The essentials: Despite a raft of ludicrous denials, it's clear that Ugandan officials are cracking down on the country's LGBT community. Following the raid of a gay-friendly Kampala bar, 67 people are now being charged with public nuisance.
The background: Anti-LGBT rhetoric started heating up a few months back when Ethics Minister Simon Lokodo promised that Uganda's parliament would soon be voting on notorious legislation that would introduce the death penalty for people found guilty of having gay sex.
The government backed away from that promise, but security forces have now conducted a series of raids on members of the LGBT community. In October, police arrested 16 activists, forced them to have anal exams to determine if they had anal sex — despite the fact that this horrific act cannot actually determine that — and then charged them with having gay sex.
With the raid of Kampala's Ram bar last week, officials have continued their throttling of the LGBT community. Officials say the raid had nothing to do with the fact that it’s one of the few queer-friendly spaces in Kampala and that they were only enforcing a ban on shisha smoking (a practice that goes on uninterrupted by police raids in any number of other Kampala establishments).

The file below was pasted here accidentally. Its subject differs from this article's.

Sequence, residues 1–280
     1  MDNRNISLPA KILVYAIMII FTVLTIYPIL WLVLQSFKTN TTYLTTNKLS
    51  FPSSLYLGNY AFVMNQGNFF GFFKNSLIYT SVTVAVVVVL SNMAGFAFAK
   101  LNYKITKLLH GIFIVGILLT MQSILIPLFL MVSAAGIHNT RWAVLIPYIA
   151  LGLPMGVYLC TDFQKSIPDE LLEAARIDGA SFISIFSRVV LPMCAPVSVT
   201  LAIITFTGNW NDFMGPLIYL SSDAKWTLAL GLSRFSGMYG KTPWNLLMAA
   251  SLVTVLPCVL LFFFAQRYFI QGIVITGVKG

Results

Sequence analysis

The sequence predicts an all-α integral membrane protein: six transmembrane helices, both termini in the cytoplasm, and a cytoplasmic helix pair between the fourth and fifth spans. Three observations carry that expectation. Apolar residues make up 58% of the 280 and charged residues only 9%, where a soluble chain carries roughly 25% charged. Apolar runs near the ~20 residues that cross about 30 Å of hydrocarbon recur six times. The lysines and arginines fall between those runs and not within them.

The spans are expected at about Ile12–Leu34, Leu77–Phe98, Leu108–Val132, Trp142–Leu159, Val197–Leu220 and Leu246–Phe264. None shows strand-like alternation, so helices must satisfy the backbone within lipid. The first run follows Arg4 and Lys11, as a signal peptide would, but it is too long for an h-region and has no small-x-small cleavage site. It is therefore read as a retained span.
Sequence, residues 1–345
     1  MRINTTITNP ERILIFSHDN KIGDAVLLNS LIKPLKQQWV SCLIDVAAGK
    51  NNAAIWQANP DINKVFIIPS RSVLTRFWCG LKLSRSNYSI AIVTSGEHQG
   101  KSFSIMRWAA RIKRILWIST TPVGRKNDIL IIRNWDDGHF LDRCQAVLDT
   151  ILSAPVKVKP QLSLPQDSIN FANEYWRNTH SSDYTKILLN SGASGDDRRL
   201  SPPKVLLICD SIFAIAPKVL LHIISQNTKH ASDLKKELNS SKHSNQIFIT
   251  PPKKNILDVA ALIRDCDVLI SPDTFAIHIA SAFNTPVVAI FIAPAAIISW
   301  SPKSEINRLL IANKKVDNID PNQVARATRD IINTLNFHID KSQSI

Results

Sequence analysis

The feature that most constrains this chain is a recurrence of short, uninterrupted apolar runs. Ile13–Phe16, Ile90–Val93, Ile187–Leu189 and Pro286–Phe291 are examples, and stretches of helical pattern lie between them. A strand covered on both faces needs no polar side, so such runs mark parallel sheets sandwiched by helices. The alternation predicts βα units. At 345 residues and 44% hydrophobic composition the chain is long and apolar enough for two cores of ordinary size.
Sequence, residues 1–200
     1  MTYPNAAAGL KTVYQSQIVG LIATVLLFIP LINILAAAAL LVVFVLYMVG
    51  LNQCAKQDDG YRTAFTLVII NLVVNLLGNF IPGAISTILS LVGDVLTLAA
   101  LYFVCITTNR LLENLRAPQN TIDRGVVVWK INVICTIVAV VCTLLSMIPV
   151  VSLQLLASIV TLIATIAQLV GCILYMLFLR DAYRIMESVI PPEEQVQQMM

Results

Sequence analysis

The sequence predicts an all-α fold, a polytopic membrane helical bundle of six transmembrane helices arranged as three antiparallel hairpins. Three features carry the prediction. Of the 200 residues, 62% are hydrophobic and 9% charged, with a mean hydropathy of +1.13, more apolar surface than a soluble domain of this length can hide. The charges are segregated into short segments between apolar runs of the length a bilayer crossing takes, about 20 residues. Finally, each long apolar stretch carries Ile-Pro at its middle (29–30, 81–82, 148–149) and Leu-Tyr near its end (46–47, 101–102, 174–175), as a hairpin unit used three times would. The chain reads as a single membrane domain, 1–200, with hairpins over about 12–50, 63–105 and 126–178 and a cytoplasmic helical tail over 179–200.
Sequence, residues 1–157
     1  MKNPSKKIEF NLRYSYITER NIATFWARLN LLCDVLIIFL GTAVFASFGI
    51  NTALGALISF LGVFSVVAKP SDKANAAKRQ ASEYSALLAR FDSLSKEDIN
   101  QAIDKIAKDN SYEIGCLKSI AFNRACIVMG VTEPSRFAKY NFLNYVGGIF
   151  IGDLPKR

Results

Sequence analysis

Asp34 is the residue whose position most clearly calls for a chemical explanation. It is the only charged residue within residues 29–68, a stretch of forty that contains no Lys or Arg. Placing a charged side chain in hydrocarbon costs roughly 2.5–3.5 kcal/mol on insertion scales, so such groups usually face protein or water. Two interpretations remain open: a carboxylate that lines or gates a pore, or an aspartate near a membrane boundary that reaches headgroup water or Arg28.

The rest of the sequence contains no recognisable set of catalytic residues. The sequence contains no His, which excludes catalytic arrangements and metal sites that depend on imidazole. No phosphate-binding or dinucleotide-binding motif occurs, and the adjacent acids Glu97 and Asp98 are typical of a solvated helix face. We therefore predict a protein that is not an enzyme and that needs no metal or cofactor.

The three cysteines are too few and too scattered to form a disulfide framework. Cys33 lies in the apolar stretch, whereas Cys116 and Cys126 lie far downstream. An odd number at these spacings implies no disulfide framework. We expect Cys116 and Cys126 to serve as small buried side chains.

The bad: This is a common tactic when the government is under political pressure to divert attention. President Yoweri Musveni's administration is being challenged by a new cadre of young activists. It's probably no coincidence that, once again, attacks on the queer community are beginning just as Museveni, himself, is starting to feel the heat.
In addition to being deeply cynical, it also does lasting harm to the LGBT community.
The future: Look for donor governments to come down on the Museveni administration and threaten to withhold aid if the crackdown doesn't stop. But it will be telling to see how strongly U.S. officials condemn these actions, given that President Donald Trump has been no champion of the LGBT community since taking office.